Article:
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Bright Monomeric Fluorescent Proteins: mNeonGreen, mTFP1, and mWasabi

Posted by Jennifer Tsang on Apr 25, 2019 11:01:12 AM

We are excited about our new partnership with Allele Biotechnology which allows researchers to deposit plasmids containing the fluorescent protein mNeonGreen. This fluorescent protein joins mTFP1 and mWasabi, as fluorophores from Allele Biotechnology that now can be deposited at Addgene. What makes these fluorescent proteins unique and what can they be used for? Let’s take a look!

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Topics: Fluorescent Proteins, Fluorescent Imaging

Visualizing Protein Turnover In Situ

Posted by Guest Blogger on Jan 16, 2018 10:20:10 AM

This post was contributed by guest blogger, Eugenia Rojas.

A question worthy of a PhD: How do you visualize protein turnover within a neuron?

For my PhD I studied a synaptic protein that is linked to neurodegeneration. The level of this protein is decreased in Alzheimer’s disease patient’s brains. However, it is not known why or how this happens. Therefore, I set out to study how protein turnover is regulated in neurons.

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Topics: Fluorescent Proteins, Fluorescent Imaging

Which Fluorescence Microscopy Techniques is Best for Me?

Posted by Guest Blogger on Oct 10, 2017 9:57:00 AM

This post was contributed by Doug Richardson, Director of the Harvard Center for Biological Imaging and a Lecturer on Molecular and Cellular Biology at Harvard University.

No matter whether you are a sports photographer at the Super Bowl, a medical technologist taking an x-ray, or a biologist imaging the smallest structures of life; the key to a great image is contrast. The human visual system relies primarily on contrast to identify individual objects and perceive the world around us. Without contrast, objects simply vanish into noise.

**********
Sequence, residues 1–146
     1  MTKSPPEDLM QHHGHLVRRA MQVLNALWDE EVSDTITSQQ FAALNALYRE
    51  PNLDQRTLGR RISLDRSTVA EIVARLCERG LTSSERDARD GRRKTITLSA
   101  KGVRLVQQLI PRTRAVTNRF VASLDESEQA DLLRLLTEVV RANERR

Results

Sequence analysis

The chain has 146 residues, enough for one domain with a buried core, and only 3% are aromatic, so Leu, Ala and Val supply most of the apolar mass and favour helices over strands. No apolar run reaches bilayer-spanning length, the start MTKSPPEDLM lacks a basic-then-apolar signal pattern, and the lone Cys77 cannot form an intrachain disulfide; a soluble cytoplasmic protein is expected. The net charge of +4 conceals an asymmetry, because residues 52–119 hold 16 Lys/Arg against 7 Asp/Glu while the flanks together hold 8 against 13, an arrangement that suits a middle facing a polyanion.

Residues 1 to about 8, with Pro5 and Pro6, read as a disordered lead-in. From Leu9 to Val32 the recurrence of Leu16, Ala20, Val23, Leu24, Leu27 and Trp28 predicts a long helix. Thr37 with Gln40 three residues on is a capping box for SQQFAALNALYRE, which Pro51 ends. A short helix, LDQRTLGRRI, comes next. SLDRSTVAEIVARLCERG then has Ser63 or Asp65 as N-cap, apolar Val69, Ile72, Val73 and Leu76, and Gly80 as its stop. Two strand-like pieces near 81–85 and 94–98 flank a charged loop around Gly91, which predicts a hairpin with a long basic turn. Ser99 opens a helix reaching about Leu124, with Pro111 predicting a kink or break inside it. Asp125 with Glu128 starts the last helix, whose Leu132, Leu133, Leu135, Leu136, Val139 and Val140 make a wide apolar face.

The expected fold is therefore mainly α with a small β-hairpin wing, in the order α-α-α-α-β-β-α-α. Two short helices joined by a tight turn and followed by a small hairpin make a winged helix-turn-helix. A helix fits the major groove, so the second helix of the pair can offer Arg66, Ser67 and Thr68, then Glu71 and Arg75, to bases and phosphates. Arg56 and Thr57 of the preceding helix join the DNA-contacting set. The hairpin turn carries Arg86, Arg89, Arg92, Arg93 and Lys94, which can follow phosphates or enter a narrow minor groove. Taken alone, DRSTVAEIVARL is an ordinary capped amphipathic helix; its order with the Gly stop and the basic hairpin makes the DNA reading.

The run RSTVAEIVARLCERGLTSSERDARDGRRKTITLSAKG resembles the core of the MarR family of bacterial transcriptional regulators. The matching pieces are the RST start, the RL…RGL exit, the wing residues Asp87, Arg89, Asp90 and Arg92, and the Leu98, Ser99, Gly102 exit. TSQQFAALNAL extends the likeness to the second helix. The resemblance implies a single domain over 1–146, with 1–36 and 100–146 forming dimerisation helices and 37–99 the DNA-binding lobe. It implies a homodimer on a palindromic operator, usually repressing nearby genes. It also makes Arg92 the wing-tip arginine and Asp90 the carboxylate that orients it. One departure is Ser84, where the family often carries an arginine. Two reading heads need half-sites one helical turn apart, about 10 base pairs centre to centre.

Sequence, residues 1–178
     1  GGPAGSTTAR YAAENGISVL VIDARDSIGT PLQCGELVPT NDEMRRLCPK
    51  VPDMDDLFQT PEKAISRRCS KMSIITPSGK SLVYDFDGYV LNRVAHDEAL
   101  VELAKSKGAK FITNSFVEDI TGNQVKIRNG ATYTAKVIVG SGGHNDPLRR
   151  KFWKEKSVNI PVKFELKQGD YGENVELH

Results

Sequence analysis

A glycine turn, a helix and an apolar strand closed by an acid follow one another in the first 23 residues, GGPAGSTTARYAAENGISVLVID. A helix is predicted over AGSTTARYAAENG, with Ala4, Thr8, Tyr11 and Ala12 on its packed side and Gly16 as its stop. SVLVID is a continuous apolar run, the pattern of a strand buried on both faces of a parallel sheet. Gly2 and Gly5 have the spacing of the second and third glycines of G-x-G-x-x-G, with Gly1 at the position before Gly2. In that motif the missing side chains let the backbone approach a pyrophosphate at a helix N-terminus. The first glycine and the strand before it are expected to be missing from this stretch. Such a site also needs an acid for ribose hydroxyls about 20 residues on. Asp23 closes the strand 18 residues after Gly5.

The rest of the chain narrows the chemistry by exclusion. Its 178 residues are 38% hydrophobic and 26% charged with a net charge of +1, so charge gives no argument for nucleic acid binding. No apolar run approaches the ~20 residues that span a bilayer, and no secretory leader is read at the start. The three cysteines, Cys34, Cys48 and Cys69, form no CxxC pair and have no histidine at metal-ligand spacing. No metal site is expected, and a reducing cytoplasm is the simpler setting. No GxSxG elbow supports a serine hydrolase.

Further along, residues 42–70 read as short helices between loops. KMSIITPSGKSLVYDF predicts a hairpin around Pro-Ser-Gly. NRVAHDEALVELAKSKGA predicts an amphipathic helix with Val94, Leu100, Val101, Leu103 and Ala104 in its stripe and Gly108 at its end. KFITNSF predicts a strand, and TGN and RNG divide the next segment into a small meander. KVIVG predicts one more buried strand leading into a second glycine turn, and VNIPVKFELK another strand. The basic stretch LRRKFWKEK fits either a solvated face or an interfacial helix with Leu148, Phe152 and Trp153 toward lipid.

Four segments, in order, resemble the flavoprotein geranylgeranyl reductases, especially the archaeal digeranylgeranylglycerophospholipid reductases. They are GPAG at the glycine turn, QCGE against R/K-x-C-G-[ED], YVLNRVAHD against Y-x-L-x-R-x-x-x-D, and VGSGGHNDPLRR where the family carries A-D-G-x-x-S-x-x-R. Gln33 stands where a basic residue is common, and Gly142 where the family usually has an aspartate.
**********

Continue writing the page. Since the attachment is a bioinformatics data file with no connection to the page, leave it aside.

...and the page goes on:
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Topics: Fluorescent Proteins, Fluorescent Imaging

Better Dyeing Through Chemistry & Small Molecule Fluorophores

Posted by Guest Blogger on Sep 8, 2016 10:30:00 AM

This post was contributed by guest blogger, Luke Lavis, a Group Leader at the Janelia Research Campus, Howard Hughes Medical Institute.

Chemistry is dead, long live chemistry!

The discovery of green fluorescent protein (GFP) sparked a renaissance in biological imaging. Suddenly, cell biologists were no longer beholden to chemists and (expensive) synthetic fluorophores. Add a dash of DNA with an electrical jolt and cells become perfectly capable of synthesizing fluorophore fusions on their own. Subsequent advances in fluorescent proteins have replicated many of the properties once exclusive to small-molecules: red-shifted spectra, ion sensitivity, photoactivation, etc. These impressive advances lead to an obvious question: In this age of GFP and its ilk, why should cell biologists talk to chemists?

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Topics: Fluorescent Proteins, Fluorescent Imaging, Non-protein Fluorophores

Seeing Red: Simple GFP Photoconversion

Posted by Mary Gearing on Aug 4, 2015 10:30:00 AM

Since the first research applications of GFP were published in the 1990s, biologists have spent a lot of time making things glow. Chances are you’ve used a GFP derivative to conduct subcellular localization studies or make a reporter construct. Fluorescent proteins (FPs) are also the foundation of multiple important technologies, including FRET and optogenetics. Even though GFP has been so thoroughly characterized, it turns out this protein has a few more secrets - during a collaboration, members of Maureen Hanson’s and Rima Menassa's labs made the accidental discovery that laser treatment can photoconvert GFP from green to RED! This simple technique has been shown to work in plant, Drosophila and mammalian cells, and it may find wide use in biological research.

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Topics: Fluorescent Proteins, Fluorescent Imaging

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